Usually, a tank weighs a lot is armor, but the reason the T35 was so bloated was its turrets. Turrets provide a huge amount of weight to a tank, requiring 360 protection as well as gear that drives them. This is largely the reason that multi-turreted tanks fell out of favor during the war. They are hard to maintain and expensive to produce. All the while providing less protection than would usually be expected of a heavy tank.

Weight also meant that the tank had to be long...very long. Walking along the side of a T35 would give you a first down (almost 32 feet.) This placed a tremendous amount of stress on the tracks during turns and made it extremely difficult to drive. In profile, it was virtually impossible to miss.

Mechanically, these things were a nightmare. For a country of relatively low tech workers, a lot was expected of the 11 man crew to keep these things running. The five turrets meant that the mechanics of the tank were very complex. Soviet maintenance standards were notoriously bad and the needs of these machines were immense. Most broke down on the way to the front.

Production was stopped because of the immense man hour cost of producing them. A total of 60 were built between 1935 and 1938.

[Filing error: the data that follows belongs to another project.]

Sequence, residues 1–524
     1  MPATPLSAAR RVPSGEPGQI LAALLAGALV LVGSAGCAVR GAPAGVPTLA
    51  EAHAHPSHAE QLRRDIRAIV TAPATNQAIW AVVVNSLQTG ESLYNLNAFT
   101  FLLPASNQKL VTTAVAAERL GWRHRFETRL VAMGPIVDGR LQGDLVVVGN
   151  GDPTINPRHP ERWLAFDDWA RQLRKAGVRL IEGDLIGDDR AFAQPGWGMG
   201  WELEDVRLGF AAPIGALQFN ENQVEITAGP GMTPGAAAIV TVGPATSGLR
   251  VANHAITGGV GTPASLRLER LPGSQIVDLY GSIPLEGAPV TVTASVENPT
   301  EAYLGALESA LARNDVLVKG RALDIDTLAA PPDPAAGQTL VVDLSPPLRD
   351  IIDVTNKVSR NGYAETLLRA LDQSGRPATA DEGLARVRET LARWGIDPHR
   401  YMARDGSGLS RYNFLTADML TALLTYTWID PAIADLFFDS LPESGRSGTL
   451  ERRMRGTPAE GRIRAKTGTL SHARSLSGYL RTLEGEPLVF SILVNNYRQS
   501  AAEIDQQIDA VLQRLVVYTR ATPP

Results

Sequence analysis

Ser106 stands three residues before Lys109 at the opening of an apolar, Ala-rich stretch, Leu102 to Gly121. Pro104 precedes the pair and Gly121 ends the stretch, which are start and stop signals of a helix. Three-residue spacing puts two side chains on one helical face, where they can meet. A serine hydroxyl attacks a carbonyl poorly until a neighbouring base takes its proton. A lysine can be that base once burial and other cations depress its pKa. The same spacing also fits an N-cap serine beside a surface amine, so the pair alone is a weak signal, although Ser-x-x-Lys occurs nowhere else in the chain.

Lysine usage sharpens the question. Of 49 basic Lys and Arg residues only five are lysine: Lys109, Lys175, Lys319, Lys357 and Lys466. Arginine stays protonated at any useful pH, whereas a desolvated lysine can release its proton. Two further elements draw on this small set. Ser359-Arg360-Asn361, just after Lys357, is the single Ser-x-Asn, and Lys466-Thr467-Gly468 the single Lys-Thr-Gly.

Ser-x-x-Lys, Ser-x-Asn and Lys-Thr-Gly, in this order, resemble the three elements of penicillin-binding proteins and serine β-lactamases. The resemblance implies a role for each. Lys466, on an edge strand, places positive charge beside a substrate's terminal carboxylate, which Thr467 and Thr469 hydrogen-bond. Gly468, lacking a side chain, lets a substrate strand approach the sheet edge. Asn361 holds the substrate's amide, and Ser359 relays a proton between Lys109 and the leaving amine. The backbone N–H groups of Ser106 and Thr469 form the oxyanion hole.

No one is going to argue that the T35 is the worst tank in ASL. It has a lot of effective firepower on a 1941 battlefield and its protection is not bad vs. a 37L. The chief problem with this is that ASL provides insufficient penalties for firing multi-turreted tanks. A multi-turreted tank, trying to engage multiple moving targets with a number of traversing turrets isn't going to hit anything. They also tend to show up in multiple scenarios where I am somewhat dubious as to their actual effective participation.

And these were no doubt excellent parade ground tanks, drawing ooo's and ahhh's from the crowd as they rumbled through Red Square.

But for an immense investment, the T35 provided virtually no combat value. That's why my third nominee is the T35.
 

Michael Dorosh

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Well in fairness the FT17 was a WW1 tank and in that context it was quite successful and revolutionary given it was the first tank to incorporate a fully rotating turret.
It was also the most numerous tank in the Canadian Army in the Second World War.

Well, in the summer of 1940, anyway, when the Americans shipped 236 loads of "scrap metal" (so as not to violate neutrality) over the border to the Canadian AFV Training Centre.

14995

 

WuWei

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I wonder, if the 'Tank Flip Attack' will become 'official rules' when the reprint of the Italians with 'Soldiers of the Negus' gets published...
If your infantry wins CC against a tank, that's what you can imagine to have happened. No need for special rules here.